Drinking alcohol won’t help you live longer

GREIFSWALD, Germany — Does a glass of wine a day keep the grim reaper away? Probably not, according to a new study. Researchers from University Medicine Greifswald report that higher rates of death among non-drinkers are likely due to various other influential factors. In other words, there is little to no scientific evidence that drinking alcohol in moderation helps you live longer.

Prior work had reported an increased mortality risk among non-drinkers in comparison to those who drink moderately. However, the new study finds that other factors among non-drinkers such as previous alcohol or drug problems, daily smoking habits, and overall poor health may partially explain their shorter lives.

This new work is based on a dataset of 4,038 Germans who had taken part in a standardized interview between 1996 and 1997. At that time, all subjects were between the ages of 18 and 64 years-old. Researchers also had access to baseline information on each person’s alcohol and lifestyle habits in the 12 months prior to the interview, and the team tracked mortality outcomes over the next 20 years.

No alcohol? No problem

Just over 11 percent (447) participants had completely abstained from alcohol during the 12 months prior to the interviews. Among those non-drinkers, 405 (90.60%) were former alcohol drinkers and 322 (72.04%) exhibited at least one or more additional risk factor for higher mortality rates. Examples of such extra risk factors include a former alcohol use disorder or risky alcohol consumption patterns (35.40%), smoking every day (50%), or fair to poor self-rated health scores (10.51%).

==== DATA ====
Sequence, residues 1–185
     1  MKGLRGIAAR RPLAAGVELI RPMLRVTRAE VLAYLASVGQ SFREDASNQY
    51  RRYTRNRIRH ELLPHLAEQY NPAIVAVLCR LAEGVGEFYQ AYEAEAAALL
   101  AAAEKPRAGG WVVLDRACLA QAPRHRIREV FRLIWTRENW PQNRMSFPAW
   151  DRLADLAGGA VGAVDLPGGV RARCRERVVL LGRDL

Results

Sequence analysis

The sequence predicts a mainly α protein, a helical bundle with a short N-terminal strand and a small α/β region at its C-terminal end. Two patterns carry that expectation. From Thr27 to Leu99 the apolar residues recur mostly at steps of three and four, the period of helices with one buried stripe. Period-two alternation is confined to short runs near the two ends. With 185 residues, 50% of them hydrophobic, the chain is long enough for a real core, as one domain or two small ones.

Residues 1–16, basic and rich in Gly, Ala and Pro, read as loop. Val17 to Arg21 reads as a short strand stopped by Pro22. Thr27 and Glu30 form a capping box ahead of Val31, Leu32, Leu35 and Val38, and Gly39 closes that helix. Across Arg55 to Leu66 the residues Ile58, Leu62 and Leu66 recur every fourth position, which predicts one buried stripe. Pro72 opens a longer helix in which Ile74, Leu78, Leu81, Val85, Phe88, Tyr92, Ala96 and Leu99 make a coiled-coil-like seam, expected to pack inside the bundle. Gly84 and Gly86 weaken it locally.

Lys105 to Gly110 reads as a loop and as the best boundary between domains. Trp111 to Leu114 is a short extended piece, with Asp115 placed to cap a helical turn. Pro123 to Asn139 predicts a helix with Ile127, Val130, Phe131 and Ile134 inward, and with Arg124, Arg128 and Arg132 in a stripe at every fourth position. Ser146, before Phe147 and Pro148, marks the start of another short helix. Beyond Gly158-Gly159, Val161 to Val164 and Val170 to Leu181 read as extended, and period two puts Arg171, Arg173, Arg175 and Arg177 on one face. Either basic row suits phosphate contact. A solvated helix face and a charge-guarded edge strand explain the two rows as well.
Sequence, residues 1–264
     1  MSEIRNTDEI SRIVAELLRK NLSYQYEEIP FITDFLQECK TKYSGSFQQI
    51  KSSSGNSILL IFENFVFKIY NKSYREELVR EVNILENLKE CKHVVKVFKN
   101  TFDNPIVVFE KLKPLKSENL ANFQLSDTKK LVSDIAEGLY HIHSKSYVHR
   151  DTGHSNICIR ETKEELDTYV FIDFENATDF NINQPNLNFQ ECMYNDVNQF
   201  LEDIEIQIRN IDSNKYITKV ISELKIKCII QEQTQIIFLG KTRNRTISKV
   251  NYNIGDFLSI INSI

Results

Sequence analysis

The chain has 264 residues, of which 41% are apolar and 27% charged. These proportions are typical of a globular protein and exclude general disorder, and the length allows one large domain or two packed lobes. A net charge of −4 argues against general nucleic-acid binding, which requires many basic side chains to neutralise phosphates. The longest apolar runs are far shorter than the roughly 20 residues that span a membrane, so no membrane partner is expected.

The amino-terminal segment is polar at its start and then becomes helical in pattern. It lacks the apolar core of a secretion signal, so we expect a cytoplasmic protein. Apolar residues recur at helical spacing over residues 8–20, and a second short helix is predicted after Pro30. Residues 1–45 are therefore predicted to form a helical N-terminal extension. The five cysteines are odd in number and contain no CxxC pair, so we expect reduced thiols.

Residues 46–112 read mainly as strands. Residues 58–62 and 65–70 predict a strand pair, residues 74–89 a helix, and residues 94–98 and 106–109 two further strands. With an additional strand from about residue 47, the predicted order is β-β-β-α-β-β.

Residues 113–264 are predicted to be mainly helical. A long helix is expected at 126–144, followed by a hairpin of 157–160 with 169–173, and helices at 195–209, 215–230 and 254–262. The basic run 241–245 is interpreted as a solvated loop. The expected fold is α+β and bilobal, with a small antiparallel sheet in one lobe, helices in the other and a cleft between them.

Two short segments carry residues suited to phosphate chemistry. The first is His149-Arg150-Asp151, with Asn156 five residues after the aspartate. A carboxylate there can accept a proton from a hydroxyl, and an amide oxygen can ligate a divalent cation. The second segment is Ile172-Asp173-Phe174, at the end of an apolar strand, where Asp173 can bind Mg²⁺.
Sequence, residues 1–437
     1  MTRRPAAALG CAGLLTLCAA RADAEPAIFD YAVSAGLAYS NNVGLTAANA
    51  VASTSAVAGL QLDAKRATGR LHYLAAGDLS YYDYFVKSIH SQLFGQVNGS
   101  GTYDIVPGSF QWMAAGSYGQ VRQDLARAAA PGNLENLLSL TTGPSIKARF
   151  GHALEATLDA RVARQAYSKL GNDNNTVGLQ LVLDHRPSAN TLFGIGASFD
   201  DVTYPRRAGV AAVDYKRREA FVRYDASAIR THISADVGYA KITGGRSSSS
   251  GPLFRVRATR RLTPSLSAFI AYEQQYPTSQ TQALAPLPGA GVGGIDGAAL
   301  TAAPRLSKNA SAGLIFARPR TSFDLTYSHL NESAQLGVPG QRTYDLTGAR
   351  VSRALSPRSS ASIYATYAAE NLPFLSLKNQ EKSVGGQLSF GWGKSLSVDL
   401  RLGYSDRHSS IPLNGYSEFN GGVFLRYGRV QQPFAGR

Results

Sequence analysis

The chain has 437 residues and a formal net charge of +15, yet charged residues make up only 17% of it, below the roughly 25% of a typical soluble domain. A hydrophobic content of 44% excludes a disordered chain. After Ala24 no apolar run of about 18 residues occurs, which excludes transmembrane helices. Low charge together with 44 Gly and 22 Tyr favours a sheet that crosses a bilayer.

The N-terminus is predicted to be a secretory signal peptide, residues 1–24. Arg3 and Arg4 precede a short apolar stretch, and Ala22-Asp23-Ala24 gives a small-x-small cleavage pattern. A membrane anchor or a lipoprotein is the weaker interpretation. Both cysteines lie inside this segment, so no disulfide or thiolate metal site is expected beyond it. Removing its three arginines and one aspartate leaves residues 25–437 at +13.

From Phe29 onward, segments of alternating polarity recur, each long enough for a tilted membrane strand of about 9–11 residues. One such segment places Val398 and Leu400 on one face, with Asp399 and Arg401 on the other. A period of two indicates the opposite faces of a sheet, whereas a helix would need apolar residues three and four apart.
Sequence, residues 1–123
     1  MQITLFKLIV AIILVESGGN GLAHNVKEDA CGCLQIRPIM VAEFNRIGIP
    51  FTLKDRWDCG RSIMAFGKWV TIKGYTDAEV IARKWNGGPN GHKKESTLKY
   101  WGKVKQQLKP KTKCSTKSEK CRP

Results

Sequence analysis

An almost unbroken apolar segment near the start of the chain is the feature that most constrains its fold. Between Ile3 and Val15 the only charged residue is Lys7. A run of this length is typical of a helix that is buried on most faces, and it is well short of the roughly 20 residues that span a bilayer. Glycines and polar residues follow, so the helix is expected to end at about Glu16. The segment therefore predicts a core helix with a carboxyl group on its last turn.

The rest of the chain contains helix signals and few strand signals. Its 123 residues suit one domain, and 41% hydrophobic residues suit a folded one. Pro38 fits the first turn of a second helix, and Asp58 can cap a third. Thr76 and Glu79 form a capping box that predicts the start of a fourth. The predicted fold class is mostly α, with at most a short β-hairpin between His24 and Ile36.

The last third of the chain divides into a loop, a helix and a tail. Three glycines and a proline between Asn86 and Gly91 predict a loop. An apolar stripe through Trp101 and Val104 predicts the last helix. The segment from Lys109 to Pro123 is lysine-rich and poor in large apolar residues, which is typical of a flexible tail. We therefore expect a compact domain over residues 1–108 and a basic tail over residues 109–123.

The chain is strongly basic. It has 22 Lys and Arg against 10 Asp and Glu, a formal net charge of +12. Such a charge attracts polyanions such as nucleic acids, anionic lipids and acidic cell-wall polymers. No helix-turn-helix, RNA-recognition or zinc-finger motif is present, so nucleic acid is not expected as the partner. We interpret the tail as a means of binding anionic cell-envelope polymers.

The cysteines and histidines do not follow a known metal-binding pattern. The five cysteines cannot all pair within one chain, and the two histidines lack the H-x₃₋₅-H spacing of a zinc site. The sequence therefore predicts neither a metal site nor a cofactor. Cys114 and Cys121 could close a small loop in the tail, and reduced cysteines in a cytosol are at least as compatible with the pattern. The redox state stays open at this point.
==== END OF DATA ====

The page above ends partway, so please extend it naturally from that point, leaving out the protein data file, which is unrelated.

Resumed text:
Meanwhile, the other 125 non-drinkers who did not display any additional risk factors didn’t actually show any statistically significant differences in regards to total, cardiovascular or cancer mortality rates in comparison to low to moderate alcohol consumers. Moreover, lifelong non-drinkers had a hazard ratio 1.64 times higher than the norm in comparison to moderate alcohol drinkers after adjusting for age, sex and tobacco smoking.

“The results support the view that people in the general population who currently are abstinent from alcohol do not necessarily have a shorter survival time than the population with low to moderate alcohol consumption,” study authors write in a media release. “The findings speak against recommendations to drink alcohol for health reasons.”

“It has long been assumed that low to moderate alcohol consumption might have positive effects on health based on the finding that alcohol abstainers seemed to die earlier than low to moderate drinkers. We found that the majority of the abstainers had alcohol or drug problems, risky alcohol consumption, daily tobacco smoking or fair to poor health in their history, i.e., factors that predict early death,” concludes study author Ulrich John.

The study is published in the journal PLoS Medicine.